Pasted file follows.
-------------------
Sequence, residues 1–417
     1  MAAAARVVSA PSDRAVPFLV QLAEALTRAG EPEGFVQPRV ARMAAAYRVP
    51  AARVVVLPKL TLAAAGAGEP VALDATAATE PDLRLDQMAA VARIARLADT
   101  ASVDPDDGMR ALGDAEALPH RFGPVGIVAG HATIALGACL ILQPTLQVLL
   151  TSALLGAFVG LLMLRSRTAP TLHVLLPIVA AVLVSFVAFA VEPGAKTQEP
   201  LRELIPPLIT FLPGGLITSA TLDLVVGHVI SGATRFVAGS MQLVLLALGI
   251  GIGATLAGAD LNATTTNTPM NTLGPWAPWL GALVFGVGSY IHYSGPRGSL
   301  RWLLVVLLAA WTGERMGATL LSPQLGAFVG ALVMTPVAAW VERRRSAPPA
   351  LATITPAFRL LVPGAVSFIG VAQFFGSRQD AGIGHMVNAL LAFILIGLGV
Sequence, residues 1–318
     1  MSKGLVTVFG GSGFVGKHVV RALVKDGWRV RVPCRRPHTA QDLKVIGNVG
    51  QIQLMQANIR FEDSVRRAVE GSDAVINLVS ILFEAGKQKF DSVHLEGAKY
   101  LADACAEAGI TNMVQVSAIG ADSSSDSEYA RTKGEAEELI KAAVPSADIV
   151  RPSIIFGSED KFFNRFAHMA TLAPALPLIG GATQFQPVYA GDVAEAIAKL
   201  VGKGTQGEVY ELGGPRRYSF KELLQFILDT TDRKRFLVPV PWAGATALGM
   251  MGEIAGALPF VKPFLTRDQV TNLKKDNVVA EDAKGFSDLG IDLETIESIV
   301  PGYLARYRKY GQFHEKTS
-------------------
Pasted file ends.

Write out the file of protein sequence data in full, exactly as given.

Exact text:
Sequence, residues 1–417
     1  MAAAARVVSA PSDRAVPFLV QLAEALTRAG EPEGFVQPRV ARMAAAYRVP
    51  AARVVVLPKL TLAAAGAGEP VALDATAATE PDLRLDQMAA VARIARLADT
   101  ASVDPDDGMR ALGDAEALPH RFGPVGIVAG HATIALGACL ILQPTLQVLL
   151  TSALLGAFVG LLMLRSRTAP TLHVLLPIVA AVLVSFVAFA VEPGAKTQEP
   201  LRELIPPLIT FLPGGLITSA TLDLVVGHVI SGATRFVAGS MQLVLLALGI
   251  GIGATLAGAD LNATTTNTPM NTLGPWAPWL GALVFGVGSY IHYSGPRGSL
   301  RWLLVVLLAA WTGERMGATL LSPQLGAFVG ALVMTPVAAW VERRRSAPPA
   351  LATITPAFRL LVPGAVSFIG VAQFFGSRQD AGIGHMVNAL LAFILIGLGV
Sequence, residues 1–318
     1  MSKGLVTVFG GSGFVGKHVV RALVKDGWRV RVPCRRPHTA QDLKVIGNVG
    51  QIQLMQANIR FEDSVRRAVE GSDAVINLVS ILFEAGKQKF DSVHLEGAKY
   101  LADACAEAGI TNMVQVSAIG ADSSSDSEYA RTKGEAEELI KAAVPSADIV
   151  RPSIIFGSED KFFNRFAHMA TLAPALPLIG GATQFQPVYA GDVAEAIAKL
   201  VGKGTQGEVY ELGGPRRYSF KELLQFILDT TDRKRFLVPV PWAGATALGM
   251  MGEIAGALPF VKPFLTRDQV TNLKKDNVVA EDAKGFSDLG IDLETIESIV
   301  PGYLARYRKY GQFHEKTS